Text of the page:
Histone Cleavage Can Interfere with the Measurement of Downstream Modifications
Histone modifications are increasingly being used as biomarkers in molecular epidemiology studies. However, a recent report from researchers at Columbia University describes a distinct histone H3 cleavage product, identified by Western blot, in human peripheral blood mononuclear cells (PBMCs), which interferes with the measurement of certain histone modifications (Howe and Gamble 2015). Extensive histone cleavage of histone H3 was observed in approximately one third of the PBMC samples examined despite the use of protease inhibitors during histone isolation, including a protease inhibitor cocktail and E-64, which inhibit H3 cleavage in human and mouse embryonic stem cells, respectively.
It remains unclear if the observed H3 histone cleavage occurs in vivo or during sample collection and processing. Regardless, Howe and Gamble (2015) describe how H3 cleavage ultimately interferes with the accurate measurement of histone modifications that are located downstream of these cleavage sites, such as H3K9me2. This finding underscores the importance of checking histone samples for potential H3 cleavage before measuring histone modifications.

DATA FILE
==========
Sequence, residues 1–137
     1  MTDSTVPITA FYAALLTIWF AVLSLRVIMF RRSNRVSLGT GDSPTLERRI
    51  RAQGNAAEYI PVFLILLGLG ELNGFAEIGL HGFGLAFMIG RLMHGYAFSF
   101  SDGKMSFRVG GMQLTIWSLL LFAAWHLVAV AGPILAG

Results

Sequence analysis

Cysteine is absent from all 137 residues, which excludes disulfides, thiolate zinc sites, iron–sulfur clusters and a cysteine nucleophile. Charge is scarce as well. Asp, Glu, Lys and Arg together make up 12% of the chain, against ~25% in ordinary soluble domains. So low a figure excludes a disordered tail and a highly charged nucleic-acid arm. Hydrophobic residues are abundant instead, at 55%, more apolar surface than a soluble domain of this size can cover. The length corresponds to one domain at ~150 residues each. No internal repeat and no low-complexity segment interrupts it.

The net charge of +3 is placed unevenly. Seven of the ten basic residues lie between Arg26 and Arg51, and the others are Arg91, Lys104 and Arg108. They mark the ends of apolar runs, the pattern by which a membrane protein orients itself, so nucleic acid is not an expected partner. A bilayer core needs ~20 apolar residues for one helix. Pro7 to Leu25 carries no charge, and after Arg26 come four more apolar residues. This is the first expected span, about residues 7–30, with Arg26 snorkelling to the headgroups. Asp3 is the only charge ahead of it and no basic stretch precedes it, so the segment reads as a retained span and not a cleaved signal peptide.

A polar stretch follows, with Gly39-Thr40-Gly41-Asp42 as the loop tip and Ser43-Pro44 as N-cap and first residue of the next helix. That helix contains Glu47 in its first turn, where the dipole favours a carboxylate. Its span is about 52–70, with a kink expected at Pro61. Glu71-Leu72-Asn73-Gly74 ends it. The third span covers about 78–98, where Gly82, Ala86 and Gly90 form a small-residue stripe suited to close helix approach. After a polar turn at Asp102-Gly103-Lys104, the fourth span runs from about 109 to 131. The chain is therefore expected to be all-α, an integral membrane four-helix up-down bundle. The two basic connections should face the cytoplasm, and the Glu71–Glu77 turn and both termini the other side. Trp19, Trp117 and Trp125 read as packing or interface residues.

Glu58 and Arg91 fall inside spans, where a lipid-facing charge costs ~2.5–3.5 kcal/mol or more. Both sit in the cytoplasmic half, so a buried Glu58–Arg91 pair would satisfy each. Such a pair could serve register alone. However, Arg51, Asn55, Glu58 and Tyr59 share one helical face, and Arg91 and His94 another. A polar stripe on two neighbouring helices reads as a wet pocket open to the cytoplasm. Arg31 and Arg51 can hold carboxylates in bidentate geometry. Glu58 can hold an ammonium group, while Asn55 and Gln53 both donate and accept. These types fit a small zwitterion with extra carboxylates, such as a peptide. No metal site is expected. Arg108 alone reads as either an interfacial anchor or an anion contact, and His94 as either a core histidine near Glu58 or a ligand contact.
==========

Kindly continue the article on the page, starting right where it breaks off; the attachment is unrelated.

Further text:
Since enzymatic cleavage of histone proteins, including histone H3, has been observed in many other organisms, including in mammalian embryonic stem cell lines, Howe and Gamble (2015) also describe the importance of determining if H3 cleavage in PBMCs is of biological or of methodological interest. If cleavage of human H3 only occurs as a result of sample collection or processing, a better understanding of the factors contributing to this will be critical for developing measures that prevent H3 cleavage, such that all modifications on histone H3 can be measured accurately in future epidemiological studies.
Howe CG, & Gamble MV (2015). Enzymatic cleavage of histone H3: a new consideration when measuring histone modifications in human samples. Clinical epigenetics, 7 (1) PMID: 25628766